Zoricic family, ski body settle fatal crash issues
The family of Nik Zoricic has settled issues with the International Ski Federation over the Canadian racer’s 2012 death in a skicross World Cup event.
The sport’s world governing body will pay CAN$250,000 ($225,000) over five years to the Nik Zoricic Foundation, which works to improve safety for skiers, the family’s lawyers said Monday.
”This new partnership between the FIS and the Nik Zoricic Foundation, places skier safety first. This is something to be celebrated. This is Nik’s legacy,” Toronto legal firm Danson Recht said in a statement.
”FIS highly welcomes this initiative and is proud to support its efforts and to offer its close cooperation,” the governing body said in a statement from its headquarters in Oberhofen, Switzerland.
The settlement was announced on the anniversary of 29-year-old Zoricic’s fatal crash at Grindelwald, Switzerland.
All parties now ”accept that Nik was not responsible for his own death,” the family’s statement said.
He sustained head injuries when landing wide right off a final jump into safety nets, before being pushed back across a bank of snow.
One year later, a Swiss police investigation said the incident was ”a tragic case of sporting accident.”
However, the family and friends of Zoricic objected to ski officials describing the fatality on the day as a ”freak accident.”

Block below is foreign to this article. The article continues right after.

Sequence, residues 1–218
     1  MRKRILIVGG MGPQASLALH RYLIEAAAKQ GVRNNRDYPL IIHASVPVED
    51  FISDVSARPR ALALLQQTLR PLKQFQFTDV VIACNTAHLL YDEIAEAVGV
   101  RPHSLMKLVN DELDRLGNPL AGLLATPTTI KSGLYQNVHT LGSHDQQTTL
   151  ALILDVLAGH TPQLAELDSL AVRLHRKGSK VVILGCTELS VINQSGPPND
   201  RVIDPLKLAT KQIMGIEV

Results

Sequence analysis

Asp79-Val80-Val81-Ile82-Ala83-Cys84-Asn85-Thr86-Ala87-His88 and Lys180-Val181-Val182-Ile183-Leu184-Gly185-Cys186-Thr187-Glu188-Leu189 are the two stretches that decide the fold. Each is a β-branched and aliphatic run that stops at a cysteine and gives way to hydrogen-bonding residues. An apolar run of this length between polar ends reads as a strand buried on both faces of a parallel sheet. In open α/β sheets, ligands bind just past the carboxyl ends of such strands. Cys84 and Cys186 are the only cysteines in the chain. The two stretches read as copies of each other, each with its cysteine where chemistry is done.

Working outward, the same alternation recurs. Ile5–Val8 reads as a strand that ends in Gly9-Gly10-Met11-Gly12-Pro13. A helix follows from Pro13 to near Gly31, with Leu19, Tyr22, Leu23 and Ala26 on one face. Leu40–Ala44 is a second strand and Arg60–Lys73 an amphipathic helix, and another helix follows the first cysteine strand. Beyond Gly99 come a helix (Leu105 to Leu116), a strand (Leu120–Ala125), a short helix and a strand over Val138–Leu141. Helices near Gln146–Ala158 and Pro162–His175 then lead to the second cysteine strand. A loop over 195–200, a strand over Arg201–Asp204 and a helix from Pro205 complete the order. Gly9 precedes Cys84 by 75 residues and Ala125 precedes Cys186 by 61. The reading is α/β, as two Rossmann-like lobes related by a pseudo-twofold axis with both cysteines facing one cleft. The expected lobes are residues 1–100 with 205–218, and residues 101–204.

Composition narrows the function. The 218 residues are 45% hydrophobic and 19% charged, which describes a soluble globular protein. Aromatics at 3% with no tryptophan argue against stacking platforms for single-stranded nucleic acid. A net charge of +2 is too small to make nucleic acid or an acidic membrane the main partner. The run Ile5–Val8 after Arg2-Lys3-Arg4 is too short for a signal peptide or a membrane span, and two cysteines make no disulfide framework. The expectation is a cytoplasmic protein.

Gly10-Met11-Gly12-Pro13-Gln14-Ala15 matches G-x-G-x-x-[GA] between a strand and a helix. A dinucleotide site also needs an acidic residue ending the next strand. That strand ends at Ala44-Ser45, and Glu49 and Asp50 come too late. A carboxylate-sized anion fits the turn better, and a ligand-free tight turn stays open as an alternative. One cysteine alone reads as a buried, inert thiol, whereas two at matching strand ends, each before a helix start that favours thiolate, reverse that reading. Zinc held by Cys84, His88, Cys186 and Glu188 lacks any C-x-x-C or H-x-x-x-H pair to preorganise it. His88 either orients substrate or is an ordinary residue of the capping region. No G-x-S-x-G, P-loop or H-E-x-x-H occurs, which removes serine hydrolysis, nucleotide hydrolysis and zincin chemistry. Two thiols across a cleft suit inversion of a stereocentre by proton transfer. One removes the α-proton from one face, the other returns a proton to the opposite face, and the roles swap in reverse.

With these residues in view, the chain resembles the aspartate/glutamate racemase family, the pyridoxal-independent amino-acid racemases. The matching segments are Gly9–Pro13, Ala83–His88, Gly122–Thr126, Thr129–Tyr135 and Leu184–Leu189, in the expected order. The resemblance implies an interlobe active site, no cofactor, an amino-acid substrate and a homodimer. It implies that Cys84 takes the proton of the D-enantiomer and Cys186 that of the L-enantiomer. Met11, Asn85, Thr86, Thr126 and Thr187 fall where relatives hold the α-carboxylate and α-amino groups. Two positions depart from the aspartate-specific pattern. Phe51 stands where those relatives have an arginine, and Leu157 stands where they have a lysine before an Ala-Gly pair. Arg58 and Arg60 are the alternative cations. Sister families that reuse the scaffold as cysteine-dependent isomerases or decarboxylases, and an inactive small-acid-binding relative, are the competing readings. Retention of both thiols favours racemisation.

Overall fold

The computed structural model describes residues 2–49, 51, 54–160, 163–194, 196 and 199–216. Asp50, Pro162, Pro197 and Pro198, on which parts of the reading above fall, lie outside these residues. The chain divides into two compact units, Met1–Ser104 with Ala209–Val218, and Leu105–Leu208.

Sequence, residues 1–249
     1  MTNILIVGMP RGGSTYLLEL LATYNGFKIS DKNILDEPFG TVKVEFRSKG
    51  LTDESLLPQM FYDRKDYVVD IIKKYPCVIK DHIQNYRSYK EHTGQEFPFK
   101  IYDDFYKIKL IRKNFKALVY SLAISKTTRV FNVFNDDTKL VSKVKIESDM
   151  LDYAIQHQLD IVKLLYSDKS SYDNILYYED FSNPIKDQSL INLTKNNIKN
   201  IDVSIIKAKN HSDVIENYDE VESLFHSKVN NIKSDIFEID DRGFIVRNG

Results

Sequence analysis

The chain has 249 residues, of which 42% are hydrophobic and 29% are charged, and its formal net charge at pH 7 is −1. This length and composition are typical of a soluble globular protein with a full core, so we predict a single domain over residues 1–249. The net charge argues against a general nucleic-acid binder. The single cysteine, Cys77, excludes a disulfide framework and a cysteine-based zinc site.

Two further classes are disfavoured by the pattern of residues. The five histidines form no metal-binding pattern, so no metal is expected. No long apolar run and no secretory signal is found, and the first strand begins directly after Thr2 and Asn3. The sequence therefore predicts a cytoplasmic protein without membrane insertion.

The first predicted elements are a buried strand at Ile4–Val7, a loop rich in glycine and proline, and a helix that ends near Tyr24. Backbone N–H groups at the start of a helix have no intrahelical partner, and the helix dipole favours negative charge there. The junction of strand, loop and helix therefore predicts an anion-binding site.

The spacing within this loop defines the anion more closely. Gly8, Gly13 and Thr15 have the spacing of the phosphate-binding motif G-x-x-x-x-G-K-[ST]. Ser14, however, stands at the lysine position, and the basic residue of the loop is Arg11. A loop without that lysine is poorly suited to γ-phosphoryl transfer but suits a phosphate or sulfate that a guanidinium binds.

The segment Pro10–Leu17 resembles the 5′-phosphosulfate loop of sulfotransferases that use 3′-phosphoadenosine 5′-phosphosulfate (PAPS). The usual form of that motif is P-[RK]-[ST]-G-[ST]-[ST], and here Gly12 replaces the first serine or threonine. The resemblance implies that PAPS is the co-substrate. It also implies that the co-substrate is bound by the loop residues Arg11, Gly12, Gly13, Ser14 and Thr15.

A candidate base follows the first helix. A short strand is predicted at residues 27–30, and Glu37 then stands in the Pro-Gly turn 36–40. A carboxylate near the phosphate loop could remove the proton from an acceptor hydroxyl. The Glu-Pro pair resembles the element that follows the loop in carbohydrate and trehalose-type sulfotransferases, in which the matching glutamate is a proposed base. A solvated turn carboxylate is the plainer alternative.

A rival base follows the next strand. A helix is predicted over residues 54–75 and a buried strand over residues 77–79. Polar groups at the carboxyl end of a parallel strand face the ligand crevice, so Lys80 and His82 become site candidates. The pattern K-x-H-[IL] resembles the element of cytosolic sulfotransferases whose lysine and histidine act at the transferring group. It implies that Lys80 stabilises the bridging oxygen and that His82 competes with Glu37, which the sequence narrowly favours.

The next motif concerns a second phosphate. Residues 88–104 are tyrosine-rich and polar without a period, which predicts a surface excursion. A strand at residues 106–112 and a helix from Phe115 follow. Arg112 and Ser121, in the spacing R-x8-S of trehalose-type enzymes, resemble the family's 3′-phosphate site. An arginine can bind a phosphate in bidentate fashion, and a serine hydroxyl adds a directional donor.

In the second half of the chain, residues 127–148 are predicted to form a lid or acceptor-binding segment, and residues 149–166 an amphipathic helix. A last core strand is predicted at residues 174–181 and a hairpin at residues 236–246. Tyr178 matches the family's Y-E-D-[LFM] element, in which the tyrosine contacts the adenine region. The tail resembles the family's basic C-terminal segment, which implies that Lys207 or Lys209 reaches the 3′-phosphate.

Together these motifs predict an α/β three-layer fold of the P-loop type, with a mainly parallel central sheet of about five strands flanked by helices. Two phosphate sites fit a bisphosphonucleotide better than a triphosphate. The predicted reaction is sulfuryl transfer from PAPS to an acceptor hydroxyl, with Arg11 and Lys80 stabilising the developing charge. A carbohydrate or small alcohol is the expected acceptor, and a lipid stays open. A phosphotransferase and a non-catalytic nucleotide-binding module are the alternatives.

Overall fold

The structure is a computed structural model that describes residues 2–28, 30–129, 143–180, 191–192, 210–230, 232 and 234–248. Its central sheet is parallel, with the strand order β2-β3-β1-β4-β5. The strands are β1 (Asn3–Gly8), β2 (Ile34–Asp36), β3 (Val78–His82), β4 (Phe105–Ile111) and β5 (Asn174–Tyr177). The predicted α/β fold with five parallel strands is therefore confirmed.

”It was not true. Nor were they prepared to accept that there were not important lessons to be learned from Nik’s tragic death so that such tragic accidents would not occur in the future,” the legal firm’s statement said.
A letter dated March 3, 2014 from FIS leaders to the Zoricic family was published by Danson Recht. It cited improved safety guidelines for the Olympic sport which sets four skiers racing side by side down a twisting course of jumps and banked turns.
”We believe that they include important changes which will be regarded as the legacy of Nik Zoricic to the sport of ski cross,” said the letter signed by FIS’s president Gian Franco Kasper and secretary general Sarah Lewis.
Zoricic raced on the World Cup circuit for more than three years and placed fifth in the 2010-11 World Cup standings. He finished eighth in that season’s world championship held at Deer Valley, Utah.
He was born in Sarajevo, Bosnia-Herzegovina, one year before the city hosted the 1984 Winter Games as part of the former Yugoslavia.
Aged five, he moved to Canada where his father, Bebe, became an established Alpine coach at the Craigleith Ski Club in Ontario.
At the Sochi Olympics last month, Canadian skicross racers wore denim-style ski pants as a tribute to their former teammate, who was known for wearing jeans on the mountain.
The Zoricic family’s lawyers said the safety-focused ”conversation between the Alpine/Ski Cross community over the past two years has produced a wonderful outcome.”
”Nothing can change the past. Nothing can bring Nik back,” the statement said. ”However, his legacy can be one of inspiration, hope and opportunity.”